Harry at Wenlock Books

<p><em>Anna Steward, Wenlock Books, writes:</em></p>
<p>Hermione is picking her nose. Another Hermione is rushing up and down the hall asking questions and jotting each answer down with a feather quill.&nbsp; Inpatient at not being able to buy the book yet, a third Hermione picks greedily through objects on the merchandising stand, while a fourth Hermione sits in the audience, holding the hand of a Slytherin under the table. If this was the book, Hermione would be using the Time-Turner and to be holding a slytherin's hand she would have to be under a spell.</p>
<p>But this is not the book; this is 300 people waiting for the book. This is Friday the 20th of July: a date that has been jotted in diaries, circled on calendars and in bold on a poster in Wenlock Books' window for months. This is the final Harry Potter launch organised by one of the UKs' leading independent bookshops.&nbsp; Normally shut and silent on a Friday night, the Enginuity Museum in Coalbrookdale is instead filled with music and dancing, children casting spells, and somewhere, carefully guarded, piles of <em>Harry Potter and the Deathly Hallows</em> books.</p>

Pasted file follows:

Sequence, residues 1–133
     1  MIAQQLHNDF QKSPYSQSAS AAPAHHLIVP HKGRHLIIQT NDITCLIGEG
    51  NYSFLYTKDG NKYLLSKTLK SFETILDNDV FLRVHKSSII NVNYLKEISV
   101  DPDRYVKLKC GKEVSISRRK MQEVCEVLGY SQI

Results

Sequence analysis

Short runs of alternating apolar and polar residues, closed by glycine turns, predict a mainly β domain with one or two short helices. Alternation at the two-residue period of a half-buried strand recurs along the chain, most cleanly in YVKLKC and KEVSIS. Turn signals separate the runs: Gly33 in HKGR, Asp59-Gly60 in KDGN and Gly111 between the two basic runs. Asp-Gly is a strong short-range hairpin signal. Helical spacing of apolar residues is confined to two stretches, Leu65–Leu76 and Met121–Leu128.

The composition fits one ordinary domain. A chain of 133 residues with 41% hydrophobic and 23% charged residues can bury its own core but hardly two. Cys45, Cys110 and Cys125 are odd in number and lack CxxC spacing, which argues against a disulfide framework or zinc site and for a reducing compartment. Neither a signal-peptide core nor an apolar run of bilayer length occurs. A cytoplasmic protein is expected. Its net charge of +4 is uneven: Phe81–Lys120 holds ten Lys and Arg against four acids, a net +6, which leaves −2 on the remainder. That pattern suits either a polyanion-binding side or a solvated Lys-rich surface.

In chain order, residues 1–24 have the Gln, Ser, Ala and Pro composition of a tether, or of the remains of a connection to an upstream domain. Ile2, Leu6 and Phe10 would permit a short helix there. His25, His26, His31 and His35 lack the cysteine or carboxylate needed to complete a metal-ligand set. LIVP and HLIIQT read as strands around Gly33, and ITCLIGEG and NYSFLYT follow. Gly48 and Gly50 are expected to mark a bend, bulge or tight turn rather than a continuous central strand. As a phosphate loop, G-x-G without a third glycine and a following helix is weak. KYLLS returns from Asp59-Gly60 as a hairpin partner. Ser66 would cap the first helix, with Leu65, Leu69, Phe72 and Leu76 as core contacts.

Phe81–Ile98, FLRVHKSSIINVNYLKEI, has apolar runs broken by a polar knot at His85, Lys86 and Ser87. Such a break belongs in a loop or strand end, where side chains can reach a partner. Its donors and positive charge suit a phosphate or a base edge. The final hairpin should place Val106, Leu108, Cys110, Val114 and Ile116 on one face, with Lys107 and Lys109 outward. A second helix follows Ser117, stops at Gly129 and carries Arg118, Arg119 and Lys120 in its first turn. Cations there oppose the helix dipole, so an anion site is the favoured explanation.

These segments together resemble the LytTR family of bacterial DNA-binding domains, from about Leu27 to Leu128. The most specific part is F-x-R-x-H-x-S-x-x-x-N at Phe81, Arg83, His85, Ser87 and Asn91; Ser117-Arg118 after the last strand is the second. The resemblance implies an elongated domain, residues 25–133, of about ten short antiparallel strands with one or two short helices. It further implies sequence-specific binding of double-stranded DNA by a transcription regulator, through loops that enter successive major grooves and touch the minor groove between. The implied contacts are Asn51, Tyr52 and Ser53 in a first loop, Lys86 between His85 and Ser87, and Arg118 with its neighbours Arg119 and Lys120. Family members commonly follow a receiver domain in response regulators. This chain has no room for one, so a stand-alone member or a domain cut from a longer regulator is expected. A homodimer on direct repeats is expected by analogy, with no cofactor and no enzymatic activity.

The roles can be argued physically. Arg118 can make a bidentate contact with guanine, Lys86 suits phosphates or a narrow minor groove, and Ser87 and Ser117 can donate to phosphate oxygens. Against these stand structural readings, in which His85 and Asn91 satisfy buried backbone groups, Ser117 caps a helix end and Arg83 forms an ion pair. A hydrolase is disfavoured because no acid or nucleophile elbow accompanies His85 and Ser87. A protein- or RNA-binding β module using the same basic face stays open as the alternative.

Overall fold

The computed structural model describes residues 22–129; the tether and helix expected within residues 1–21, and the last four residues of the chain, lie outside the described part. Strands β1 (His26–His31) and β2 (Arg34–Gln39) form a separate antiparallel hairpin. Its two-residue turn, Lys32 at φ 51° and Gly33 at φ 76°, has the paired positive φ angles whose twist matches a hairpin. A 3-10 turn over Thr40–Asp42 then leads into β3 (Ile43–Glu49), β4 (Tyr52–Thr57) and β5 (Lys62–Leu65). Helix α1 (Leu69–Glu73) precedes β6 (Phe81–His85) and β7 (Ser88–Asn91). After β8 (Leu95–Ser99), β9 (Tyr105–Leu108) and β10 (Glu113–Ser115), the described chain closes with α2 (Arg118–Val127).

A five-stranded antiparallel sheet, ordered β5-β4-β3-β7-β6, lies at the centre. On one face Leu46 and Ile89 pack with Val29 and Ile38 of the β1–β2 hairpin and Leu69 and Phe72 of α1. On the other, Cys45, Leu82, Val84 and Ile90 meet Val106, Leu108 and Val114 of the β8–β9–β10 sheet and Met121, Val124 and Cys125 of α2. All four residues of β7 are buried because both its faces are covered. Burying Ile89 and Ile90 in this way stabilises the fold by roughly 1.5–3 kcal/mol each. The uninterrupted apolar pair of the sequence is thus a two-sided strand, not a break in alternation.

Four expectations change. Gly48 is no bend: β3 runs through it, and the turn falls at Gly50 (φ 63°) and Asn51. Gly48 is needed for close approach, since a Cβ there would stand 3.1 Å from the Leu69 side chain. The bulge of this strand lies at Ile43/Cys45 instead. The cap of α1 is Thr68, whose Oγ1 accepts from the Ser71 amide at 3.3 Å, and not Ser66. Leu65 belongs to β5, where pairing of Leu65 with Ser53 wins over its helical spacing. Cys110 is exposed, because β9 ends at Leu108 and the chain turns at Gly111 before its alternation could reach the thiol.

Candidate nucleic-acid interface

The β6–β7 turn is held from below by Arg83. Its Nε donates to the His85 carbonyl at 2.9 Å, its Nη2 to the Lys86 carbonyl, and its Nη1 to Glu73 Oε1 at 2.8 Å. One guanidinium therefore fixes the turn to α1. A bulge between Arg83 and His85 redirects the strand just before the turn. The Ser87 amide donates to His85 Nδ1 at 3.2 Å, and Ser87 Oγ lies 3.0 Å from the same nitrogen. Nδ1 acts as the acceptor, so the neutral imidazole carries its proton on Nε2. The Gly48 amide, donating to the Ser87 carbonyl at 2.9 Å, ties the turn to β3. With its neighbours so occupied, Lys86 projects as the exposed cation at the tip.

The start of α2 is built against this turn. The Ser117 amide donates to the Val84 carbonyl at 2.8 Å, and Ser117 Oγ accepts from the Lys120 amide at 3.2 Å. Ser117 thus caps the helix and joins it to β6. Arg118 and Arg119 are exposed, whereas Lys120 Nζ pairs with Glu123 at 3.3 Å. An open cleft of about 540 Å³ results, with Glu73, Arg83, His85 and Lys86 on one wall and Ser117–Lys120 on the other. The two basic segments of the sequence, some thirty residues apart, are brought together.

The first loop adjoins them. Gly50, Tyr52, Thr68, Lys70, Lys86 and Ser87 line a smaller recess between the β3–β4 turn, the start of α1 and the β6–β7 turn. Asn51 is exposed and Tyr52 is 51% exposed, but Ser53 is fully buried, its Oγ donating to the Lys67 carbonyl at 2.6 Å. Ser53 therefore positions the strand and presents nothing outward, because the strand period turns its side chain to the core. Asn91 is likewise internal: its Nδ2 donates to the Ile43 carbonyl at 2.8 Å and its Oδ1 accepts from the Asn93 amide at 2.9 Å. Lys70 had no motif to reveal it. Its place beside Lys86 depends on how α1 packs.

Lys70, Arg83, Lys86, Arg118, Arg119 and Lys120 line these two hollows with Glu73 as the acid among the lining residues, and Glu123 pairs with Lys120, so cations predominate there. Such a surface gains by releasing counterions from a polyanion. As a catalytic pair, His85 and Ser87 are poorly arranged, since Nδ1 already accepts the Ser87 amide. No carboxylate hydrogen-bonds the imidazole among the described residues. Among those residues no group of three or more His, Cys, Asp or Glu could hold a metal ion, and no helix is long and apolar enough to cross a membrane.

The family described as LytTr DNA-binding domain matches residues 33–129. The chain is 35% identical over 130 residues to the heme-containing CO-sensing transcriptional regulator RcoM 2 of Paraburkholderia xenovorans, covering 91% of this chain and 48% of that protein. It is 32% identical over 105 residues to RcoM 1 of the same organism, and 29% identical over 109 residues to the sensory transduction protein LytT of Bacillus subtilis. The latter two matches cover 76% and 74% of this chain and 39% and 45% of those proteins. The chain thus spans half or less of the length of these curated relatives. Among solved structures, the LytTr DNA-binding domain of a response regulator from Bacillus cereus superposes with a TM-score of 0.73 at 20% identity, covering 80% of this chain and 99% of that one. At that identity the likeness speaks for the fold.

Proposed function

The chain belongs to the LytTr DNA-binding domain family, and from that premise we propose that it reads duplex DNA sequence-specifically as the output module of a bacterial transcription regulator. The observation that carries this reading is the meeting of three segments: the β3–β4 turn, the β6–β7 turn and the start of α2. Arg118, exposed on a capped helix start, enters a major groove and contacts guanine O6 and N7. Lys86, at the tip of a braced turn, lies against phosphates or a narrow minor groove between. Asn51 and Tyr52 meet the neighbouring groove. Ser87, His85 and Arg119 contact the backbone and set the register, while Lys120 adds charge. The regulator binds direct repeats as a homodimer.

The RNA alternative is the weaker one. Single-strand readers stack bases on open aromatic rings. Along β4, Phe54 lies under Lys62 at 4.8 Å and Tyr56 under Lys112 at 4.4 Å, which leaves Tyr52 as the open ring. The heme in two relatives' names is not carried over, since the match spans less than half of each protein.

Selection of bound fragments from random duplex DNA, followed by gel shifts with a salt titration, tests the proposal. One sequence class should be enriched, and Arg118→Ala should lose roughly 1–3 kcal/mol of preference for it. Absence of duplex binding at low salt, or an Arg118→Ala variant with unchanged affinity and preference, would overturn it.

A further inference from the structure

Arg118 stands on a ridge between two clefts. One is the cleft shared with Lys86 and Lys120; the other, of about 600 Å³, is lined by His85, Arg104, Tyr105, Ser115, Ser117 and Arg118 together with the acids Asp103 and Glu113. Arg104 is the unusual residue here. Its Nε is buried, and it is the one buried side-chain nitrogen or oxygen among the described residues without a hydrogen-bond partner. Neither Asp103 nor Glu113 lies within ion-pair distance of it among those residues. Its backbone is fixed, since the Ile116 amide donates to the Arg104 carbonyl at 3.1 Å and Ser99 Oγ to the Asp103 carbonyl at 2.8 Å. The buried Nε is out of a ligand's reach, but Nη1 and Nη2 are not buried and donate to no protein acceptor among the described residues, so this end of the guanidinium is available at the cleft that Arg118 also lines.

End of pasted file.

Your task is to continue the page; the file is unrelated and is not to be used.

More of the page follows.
<p>The band are coming to the last verse of an eerie song. In minutes, the opening lines of this final book will echo around the Hall. A woman, Professor Trelawney, stands on the podium, clears her throat and turns the front cover. Silence stretches the length of the hall.&nbsp; When it's finished, Big Ben signals the midnight chimes&nbsp; and the countdown begins:&nbsp; Twelve, eleven . . . Seven and six have a long hiss before each one. 5 and 4 seem rushed. By three people have synchronized except a stray two which gets called out too early. . . One.&nbsp; A pause, instructions, then a rush of children fill the stairs to the Tower of Astrology with the efficiency of London commuters.</p>
<p>Now, for one weekend families won't worry about the rain. Come tomorrow morning the cat will have to wait for its breakfast, the coffee can brew a little longer and the baby's bath be rescheduled until lunch.&nbsp; Come tomorrow morning England will lie in bed reading the words &quot;The two men appeared out of nowhere . . .&quot; They will want to rush forward slowly, like the dying stages of a relationship. They'll want to see how it ends, to skim read, to take one glance at the final page. Some will, while some will read slowly, look for clues, linger at the end of each page and reread the last lines. A glance around the Great Hall sees some children already leafing their way through the book, declaring they won't sleep, trying to cheat and read the ending only to be chastised by their friends.</p>
<p>Just as we sit down with our copy and a cocoa from the Three Broomsticks Caf&eacute; the brisk Hermione with the notepad bounds up again. &quot;Have you seen Ron?&quot; she asks. Which one? We answer. There are at least 37.</p>